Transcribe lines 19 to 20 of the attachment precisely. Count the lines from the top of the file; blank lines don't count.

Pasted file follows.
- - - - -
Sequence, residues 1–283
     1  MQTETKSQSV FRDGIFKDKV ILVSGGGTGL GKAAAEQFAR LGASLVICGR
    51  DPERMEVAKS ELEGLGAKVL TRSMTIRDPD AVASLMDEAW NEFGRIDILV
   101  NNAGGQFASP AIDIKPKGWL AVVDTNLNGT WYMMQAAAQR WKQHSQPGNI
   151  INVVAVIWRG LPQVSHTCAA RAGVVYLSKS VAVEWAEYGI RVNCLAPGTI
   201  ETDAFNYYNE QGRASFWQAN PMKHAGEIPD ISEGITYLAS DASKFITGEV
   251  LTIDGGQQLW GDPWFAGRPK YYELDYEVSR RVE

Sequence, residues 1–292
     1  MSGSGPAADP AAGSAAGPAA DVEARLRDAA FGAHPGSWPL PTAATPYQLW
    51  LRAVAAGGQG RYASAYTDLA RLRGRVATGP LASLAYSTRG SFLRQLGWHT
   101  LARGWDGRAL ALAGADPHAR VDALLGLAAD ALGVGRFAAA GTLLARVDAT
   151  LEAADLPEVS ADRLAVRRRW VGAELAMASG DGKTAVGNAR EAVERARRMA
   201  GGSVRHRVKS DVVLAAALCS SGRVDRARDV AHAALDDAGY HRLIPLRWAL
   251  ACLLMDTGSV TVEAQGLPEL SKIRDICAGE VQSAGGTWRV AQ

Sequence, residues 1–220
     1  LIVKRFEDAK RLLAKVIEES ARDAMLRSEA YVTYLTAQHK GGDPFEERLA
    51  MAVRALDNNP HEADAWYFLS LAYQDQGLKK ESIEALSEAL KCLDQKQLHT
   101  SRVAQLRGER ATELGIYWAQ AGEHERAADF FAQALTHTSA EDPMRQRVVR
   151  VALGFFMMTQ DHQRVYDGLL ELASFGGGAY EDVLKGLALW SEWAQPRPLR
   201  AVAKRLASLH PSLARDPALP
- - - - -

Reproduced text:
   151  VALGFFMMTQ DHQRVYDGLL ELASFGGGAY EDVLKGLALW SEWAQPRPLR
   201  AVAKRLASLH PSLARDPALP